However, the solution is not complete at this point in time since in the count of 6! the internal arrangement between P and O is neglected. This can be done in 2! ways. Hence, the required answer is 6! X 2!.

Task for you: What would happen if the letters P,Q, and R are to be together?

(Answer: 5! x 3!)

And what if P and Q are never together?

(Answer will be given by the formula: Total number of ways – Number of ways they are always together)

## GMAT Permutation and Combination Problem 3:

Of the different words that can be formed from the letters of the words BEGINS how many begin with B and end with S?

**Solution:** B & S are fixed at the start and the end positions. Hence, we have to arrange E, G, I, and N amongst themselves. This can be done in 4! ways.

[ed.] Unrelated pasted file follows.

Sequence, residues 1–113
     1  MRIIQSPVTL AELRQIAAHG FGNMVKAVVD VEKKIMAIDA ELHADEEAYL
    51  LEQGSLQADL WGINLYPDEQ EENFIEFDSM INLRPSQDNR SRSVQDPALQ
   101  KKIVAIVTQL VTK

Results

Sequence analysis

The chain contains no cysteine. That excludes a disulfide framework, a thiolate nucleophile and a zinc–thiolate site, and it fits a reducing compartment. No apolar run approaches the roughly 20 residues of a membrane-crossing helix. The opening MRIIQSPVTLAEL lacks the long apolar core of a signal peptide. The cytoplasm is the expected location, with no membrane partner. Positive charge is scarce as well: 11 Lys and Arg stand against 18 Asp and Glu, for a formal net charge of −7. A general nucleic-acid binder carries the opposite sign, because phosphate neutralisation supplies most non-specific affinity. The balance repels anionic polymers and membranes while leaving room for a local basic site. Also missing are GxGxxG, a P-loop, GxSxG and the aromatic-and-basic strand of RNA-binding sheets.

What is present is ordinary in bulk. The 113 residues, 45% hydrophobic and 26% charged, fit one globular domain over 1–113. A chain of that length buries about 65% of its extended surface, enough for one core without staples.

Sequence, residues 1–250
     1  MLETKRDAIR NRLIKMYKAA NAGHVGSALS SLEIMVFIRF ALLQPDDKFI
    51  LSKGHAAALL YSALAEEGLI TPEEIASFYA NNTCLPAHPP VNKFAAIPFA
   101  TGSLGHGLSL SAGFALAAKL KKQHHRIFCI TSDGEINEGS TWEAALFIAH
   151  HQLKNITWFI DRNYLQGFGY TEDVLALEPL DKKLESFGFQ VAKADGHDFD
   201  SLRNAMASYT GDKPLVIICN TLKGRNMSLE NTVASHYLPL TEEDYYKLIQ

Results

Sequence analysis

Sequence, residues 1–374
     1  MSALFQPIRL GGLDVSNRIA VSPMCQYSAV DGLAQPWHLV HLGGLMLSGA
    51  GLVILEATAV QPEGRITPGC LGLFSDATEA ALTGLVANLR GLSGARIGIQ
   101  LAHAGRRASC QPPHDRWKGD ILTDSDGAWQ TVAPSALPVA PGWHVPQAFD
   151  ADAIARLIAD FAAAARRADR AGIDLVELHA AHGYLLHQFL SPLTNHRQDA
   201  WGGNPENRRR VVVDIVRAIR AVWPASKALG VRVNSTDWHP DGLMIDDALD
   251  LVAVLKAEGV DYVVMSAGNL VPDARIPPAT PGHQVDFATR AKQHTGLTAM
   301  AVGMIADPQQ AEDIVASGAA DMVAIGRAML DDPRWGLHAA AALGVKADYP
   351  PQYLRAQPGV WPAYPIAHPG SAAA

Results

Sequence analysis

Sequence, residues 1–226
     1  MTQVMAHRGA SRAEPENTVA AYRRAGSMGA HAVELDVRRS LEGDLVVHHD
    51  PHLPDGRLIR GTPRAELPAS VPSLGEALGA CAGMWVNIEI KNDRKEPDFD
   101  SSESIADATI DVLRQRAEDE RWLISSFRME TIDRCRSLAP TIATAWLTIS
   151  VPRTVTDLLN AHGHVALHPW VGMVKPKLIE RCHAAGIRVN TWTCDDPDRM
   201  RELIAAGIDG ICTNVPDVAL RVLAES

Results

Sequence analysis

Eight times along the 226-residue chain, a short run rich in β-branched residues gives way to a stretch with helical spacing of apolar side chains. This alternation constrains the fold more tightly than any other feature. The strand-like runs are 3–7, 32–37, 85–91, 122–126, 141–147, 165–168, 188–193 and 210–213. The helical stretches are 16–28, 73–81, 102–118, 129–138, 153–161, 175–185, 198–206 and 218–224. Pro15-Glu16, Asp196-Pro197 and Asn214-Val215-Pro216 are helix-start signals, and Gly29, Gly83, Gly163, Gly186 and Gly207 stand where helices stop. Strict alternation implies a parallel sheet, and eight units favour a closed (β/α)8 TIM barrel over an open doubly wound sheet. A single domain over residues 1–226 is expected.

Task for you: What will be the number of words that can be formed with the letters of the word BEGINS which have B and S at the extreme positions?

(Answer: 4! x 2!)

## GMAT Permutation and Combination Problem 4:

In how many ways can the letters of the word VALEDICTORY be arranged, so that all the vowels are adjacent to each other?

**Solution:** There are 4 vowels and 7 consonants in Valedictory. If these vowels have to be kept together, we have to consider AEIO as one letter. Then the problem transforms itself into arranging 8 letters amongst themselves (8! ways). Besides, we have to look at the internal arrangement of the 4 vowels amongst themselves. (4! ways)

Hence Answer = 8! x 4!.

## GMAT Permutation and Combination Problem 5:

If there are two kinds of hats, red and blue, and at least 5 of each kind, in how many ways can the hats be put in each of 5 different boxes?